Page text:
In the second book, we had to decide what to do with Ricardo. What happened in the first book was so horrid that our re-entry in Cursed 2: Beaten had the feel of an awkward morning-after. But hey, it was the beast that did those things. Ricardo hadn’t done it. He hadn’t wanted it. Just like us. Me and Sean, as optimistic and nice and friendly as we are? Even we would snap if pushed — and shit, we aren’t even monsters in a story.
Ricardo was pushed again in the second book, but this time, the shove’s nature was different. We started to have doubts. We started to ask troublesome questions. Because Ricardo was partially us, we constantly had to put ourselves in his shoes.
Why did he do what he did?
Could we understand his thinking?
We’re storytellers, so we’d goddamn better understand. That’s something some people don’t understand. No matter how horrible a character may be, their actions always make sense to them.
Over and over, we had to step into Ricardo’s shoes. He wasn’t horrible. He was a lot like us, beset upon by something he couldn’t control.
And still, so many of his actions made sense to us.
I started to wonder how allegorical the story really was. We asked more and more questions, putting Ricardo into more and more situations. He encounters old and new foes. He finds friends and encounters enemies. We learned what made him like he is, and uncovered something sinister about his pursuer. It all had to make sense. All that blood. All that carnage. All that loss, and all of that curse, eternally hanging over our tale like the sword of Damocles.
It made me want to look up and see what was dangling.
It made me a little afraid to look deep inside.
I started to wonder if Ricardo, in the final reckoning, was really cursed at all.
Or was he just like all of us?
Ultimately, horror is horrifying because it asks us questions we’d rather not answer. And in the end, we don’t have to answer, because we’re simply reading a story. That allows us to deflect. Sean and I joke that Dave is totally paranoid — which, if we’re being honest, is really the same as saying there’s no point in asking the question. Dave asks a lot of the same questions in life that he asks in his fiction. Sean and I do not. In the scary stories, something terrible is always coming to get you. We’re optimistic enough to believe it’s not that way as we go about our daily business. The paranoid don’t feel that way. It’s like entering a horror story and never stepping out, because sometimes monsters are real.
Horror asks, “What you do some terrible thing if you were faced with X?” The most pungent moments in horror haunt me when I surrender the defense that says, “Well, I don’t have to think about it because that would never happen.”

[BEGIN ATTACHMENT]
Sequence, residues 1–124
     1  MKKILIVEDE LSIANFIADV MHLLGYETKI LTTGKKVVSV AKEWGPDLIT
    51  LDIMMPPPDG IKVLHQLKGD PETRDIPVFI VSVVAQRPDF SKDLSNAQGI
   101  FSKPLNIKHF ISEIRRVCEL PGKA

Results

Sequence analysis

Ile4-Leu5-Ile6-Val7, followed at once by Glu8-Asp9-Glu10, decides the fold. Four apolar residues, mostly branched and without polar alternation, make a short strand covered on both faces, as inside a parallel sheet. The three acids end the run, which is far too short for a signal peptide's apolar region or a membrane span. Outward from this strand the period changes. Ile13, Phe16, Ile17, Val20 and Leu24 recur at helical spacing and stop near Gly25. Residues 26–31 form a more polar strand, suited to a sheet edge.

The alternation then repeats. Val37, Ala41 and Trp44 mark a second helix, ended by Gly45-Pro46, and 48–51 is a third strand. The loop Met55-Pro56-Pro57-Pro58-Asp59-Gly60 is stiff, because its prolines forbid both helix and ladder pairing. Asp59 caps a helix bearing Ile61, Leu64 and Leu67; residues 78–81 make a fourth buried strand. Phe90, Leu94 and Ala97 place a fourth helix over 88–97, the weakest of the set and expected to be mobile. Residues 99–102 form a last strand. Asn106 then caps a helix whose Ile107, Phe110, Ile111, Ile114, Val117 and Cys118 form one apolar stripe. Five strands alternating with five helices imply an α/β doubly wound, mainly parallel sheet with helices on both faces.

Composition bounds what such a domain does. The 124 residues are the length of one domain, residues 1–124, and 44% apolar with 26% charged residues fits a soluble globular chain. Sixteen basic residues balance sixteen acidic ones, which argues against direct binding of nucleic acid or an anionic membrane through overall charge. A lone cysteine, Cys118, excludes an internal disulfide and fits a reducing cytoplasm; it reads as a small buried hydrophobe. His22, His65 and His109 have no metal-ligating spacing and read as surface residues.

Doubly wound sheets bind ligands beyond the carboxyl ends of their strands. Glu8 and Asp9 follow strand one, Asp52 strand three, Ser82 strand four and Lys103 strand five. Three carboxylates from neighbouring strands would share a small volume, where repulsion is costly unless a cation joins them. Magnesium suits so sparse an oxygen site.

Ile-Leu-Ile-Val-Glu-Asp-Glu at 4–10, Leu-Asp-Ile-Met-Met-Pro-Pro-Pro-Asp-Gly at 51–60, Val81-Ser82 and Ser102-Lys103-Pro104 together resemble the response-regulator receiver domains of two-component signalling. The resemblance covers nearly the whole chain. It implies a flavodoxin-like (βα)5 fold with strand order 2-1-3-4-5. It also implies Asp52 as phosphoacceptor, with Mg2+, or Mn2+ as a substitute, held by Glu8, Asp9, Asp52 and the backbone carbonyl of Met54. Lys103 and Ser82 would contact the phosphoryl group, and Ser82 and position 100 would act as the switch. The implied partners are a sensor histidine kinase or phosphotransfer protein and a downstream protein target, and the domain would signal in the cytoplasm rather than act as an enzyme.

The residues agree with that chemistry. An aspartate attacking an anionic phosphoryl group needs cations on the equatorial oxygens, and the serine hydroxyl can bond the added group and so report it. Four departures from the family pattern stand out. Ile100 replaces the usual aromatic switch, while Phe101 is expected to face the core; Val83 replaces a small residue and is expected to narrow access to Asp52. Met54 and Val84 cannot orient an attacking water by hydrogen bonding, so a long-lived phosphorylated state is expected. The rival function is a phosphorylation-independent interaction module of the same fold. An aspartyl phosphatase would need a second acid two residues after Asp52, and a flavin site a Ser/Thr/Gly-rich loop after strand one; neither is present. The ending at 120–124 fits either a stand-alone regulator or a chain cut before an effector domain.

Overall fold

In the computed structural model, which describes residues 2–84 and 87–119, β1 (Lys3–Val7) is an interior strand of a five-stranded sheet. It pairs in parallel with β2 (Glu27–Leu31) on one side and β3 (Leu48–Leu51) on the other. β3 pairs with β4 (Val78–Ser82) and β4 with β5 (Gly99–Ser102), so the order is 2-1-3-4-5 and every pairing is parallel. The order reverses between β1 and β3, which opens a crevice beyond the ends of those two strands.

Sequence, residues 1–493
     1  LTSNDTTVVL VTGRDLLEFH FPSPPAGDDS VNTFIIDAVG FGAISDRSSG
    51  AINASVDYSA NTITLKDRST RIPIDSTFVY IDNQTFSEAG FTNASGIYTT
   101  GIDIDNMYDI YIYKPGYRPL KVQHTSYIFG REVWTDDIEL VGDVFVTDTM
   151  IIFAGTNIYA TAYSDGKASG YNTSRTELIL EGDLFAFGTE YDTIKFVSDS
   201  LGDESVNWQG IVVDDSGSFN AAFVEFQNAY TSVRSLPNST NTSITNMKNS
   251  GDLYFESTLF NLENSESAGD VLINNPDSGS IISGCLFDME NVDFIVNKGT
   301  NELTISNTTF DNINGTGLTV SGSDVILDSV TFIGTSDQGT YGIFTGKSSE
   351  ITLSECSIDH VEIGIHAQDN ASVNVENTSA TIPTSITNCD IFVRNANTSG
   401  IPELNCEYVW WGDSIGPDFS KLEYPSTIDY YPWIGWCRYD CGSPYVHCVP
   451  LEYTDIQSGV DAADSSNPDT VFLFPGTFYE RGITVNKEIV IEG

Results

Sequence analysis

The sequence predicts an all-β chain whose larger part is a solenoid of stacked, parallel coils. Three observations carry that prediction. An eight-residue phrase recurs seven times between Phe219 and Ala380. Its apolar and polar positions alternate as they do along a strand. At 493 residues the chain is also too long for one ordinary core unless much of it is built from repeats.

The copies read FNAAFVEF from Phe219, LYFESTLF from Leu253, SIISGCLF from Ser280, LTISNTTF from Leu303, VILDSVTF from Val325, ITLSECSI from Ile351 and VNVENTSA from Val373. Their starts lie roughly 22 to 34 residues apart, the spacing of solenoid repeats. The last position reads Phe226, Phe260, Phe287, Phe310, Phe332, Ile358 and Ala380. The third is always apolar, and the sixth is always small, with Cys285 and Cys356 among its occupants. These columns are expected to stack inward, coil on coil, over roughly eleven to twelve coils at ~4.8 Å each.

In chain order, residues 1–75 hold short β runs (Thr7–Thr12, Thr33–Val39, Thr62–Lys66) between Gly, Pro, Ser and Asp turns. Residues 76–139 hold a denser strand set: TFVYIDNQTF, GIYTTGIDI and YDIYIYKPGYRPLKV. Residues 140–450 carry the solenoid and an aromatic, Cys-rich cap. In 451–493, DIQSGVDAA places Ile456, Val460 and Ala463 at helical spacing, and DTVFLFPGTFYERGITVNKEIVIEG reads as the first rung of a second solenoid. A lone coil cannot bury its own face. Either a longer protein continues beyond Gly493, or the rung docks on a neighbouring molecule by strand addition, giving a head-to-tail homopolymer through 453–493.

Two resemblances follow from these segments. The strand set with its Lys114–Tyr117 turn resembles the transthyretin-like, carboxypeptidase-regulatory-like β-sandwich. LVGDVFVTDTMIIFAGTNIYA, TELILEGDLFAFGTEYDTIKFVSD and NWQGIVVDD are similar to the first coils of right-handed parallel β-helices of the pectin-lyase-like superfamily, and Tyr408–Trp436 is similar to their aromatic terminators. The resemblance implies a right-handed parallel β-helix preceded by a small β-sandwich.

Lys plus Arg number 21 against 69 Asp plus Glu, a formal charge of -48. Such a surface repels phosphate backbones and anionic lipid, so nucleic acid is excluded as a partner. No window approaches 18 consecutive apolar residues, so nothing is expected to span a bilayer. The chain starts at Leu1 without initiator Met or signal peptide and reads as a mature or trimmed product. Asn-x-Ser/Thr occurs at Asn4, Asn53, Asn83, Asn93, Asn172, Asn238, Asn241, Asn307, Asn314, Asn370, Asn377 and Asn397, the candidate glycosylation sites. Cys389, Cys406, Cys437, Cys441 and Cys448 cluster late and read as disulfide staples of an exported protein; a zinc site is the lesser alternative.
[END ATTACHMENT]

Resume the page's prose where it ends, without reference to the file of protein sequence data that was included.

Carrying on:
There’s a hideous scene in 30 Days of Night when you learn that a character killed his family so the vampires wouldn’t get them. It’s safe to think about as long as you remember you’re watching a movie.
The second you slip into that character’s world and really ask the what if, you see that regardless of whether the decision was right or wrong, it made sense to him.
What would we do if we found ourselves in Ricardo Cuaron’s shoes?
Again and again we had to ask that question, and after a certain point, it became hard to deflect by simply saying that we never would be in his shoes. Because hey, chances were good that we would never find ourselves cursed into monsters. But when lines blurred, we had to ask slightly different questions — like, … but what if we already are monsters?
Writing Cursed makes me want to shift in my seat, cross and uncross my legs, stretch so I won’t feel so uncomfortable. At the same time, I keep telling myself that the arc isn’t complete. As is usually the case when we write, we know only what might happen a few steps ahead. In the big picture, we don’t know what will happen with Ricardo. We don’t know what situations he might face, or what he might do. We don’t know if he’ll perform as we’d like him to, or in ways that disturb us. All we know for sure is that whatever he does will be real and make sense to him. And because fiction is really a mirror, what Ricardo’s actions say about Ricardo will ultimately tell us some of the same things about ourselves.
Part of me wishes that the series would have stayed gonzo enough to keep its original title — and that while Ricardo would have always been a chupacabra on the run, he might never have been cursed.
But a larger part of me wants very badly to keep telling the story, because that part of me knows that turning our backs on the darkness inside would have been too honest.
Not for Ricardo.
And not for the rest of us, either.
IF YOU BUY THE CURSED 1-4 BUNDLE BEFORE SUNDAY, FEBRUARY 23, AND EMAIL SEAN THE RECEIPT, WE’LL SEND YOU CURSED 5 FOR FREE!